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Some resources for people thinking about becoming a proofreader

Posted on 1st August 2016

Recently I seem to have had a flurry of queries from people asking about how I got into proofreading and what I would recommend for them to do the same. I have sent a tweaked version of an email to all of them but I thought that perhaps it would be useful to turn it into a blog. Most of this isn't new, it's not comprehensive and other routes into the industry might suit different people with different backgrounds and requirements. As I always say, if possible, attend a local CIEP group as a guest to get some face-to-face bespoke advice.

Failing that, here's some general information that might help those of you just starting to think about whether proofreading or copy-editing is what you want to do.

In 2013, I wrote a blog with five people's perspectives on how they got into publishing and the content in those Q&As is still largely valid. I recently did a follow-up blog that might be of interest. For both blogs, I recommend you read all five individual sets of replies. If nothing else, they hopefully highlight that there are many different ways of earning a living in the proofreading/editing industry.

Louise Harnby's website is a mine of information. If you do decide to go for it, her books are also to be recommended. I'd probably recommend you get her Omnibus edition before splashing out time and money on other courses (and no, I get nothing for recommending this so there's no bias).

The Chartered Institute of Editing and Proofreading (CIEP), formerly The Society for Editors and Proofreaders (SfEP), is the only official body in the UK and has lots of information but it focuses primarily on publishing work, more specifically non-fiction. Being a member doesn't suit everyone but the community is generally lovely and helpful and if this will be the first time you will be working for yourself, knowing there are people out there to communicate with can really help alleviate the loneliness and fears, especially if you are new to the industry.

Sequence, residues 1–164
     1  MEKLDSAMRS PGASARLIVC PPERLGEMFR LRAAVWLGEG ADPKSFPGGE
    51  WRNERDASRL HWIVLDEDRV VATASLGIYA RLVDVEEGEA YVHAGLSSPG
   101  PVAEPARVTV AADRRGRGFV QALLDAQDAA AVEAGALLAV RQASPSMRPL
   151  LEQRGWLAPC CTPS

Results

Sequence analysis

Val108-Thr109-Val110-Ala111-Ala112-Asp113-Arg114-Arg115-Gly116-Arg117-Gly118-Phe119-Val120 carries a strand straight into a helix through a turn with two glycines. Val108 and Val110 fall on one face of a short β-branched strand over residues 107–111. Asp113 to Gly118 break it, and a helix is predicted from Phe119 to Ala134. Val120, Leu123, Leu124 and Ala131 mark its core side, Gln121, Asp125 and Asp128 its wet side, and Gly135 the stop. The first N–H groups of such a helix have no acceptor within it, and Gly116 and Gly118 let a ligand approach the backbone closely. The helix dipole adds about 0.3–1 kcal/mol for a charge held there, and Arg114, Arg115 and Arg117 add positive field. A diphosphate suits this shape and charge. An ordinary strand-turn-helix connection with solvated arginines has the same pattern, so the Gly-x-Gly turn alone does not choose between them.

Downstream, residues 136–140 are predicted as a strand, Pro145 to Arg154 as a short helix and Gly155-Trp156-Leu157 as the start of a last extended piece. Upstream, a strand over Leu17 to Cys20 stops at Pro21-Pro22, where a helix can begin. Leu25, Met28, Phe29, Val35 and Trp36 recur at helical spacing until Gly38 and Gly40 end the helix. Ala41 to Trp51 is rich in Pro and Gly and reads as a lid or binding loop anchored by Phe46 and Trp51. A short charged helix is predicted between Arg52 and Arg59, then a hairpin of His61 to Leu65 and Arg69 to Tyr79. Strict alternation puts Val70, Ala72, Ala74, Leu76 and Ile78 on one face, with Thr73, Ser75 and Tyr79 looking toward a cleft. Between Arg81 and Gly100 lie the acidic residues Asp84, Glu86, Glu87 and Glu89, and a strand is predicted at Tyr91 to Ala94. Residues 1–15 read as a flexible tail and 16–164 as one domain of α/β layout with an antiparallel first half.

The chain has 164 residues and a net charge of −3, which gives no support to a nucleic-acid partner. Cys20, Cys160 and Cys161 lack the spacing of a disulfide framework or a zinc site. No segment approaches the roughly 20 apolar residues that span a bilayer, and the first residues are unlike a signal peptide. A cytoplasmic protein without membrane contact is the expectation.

The Publishing Training Centre is the training company I would recommend if you are certain you want to become a proofreader AND you want to work for publishers (again, I get nothing for this recommendation; I am merely basing this on stories I've read/heard from others in the industry. Legally, I obviously want to make it clear that numerous other courses are available). I did the Basic Proofreading distance course (it took me about 10 months to complete alongside a day job but that's because the tutor can have up to a month to mark the papers) and it really is a very comprehensive introduction to the work and the industry. However, if you have proofreading experience and don't want to work for publishers, I don't think this level of detail is always necessary.

For example, my husband (Peter Haigh) became a freelance editor and proofreader and though I've mentored him, he also gained some very basic knowledge from an online course and then worked through Barbara Horn's 'Copy-editing' book (out of print but copies do end up for sale online). Pete's a chartered engineer and that's his USP, focusing on work for companies and academics. If you're totally new to the publishing industry, having contacts in your former company/industry will help you stay focused as you try to build your client base. Once you then have some experience under your belt, if you want to branch out, that will then be easier than taking a scattergun approach to start with.

As I say to everyone who asks for advice, there is no one route into the industry and no one ideal course or plan of action. Reading lots of blogs and having a serious think about your business ideas are both really important: jumping into a course with no plan for what comes after might turn out to be a waste of time and money. One thing to remember in all of this is that if you are hoping to be successful, this is about becoming a micro-business and all that entails; the proofreading/copy-editing is obviously important but you also need to consider the other business skills and the reality of working for yourself.

If you're not based in the UK, or even if you are, the following might also be of interest. However, the nature of many proofreading and editing jobs is that they can be done anywhere in the world and, with the development of e-learning, it might be possible to do courses from suppliers not based in the country where you live.

The Copyeditors' Knowledge Base by Katharine O'Moore-Klopf has loads of information and links to numerous other websites related to the industry.

The Association of Freelance Editors, Proofreaders and Indexers (AFEPI) is the Irish equivalent of the SfEP.

The Editors' Association of Canada is exactly what the name suggests.

The American Copy Editors Society and the Editorial Freelancers Association are both based in the USA.

There are lots of websites for states in Australia but the Institute of Professional Editors Limited covers the whole country.

Mediterranean Editors and Translators is more of a forum rather than a society but if you want to meet like-minded professionals, be it online or in person, this is another great resource.

Written by Kate Haigh.

Edited in March 2020 after the Society for Editors and Proofreaders became the Chartered Institute of Editing and Proofreading.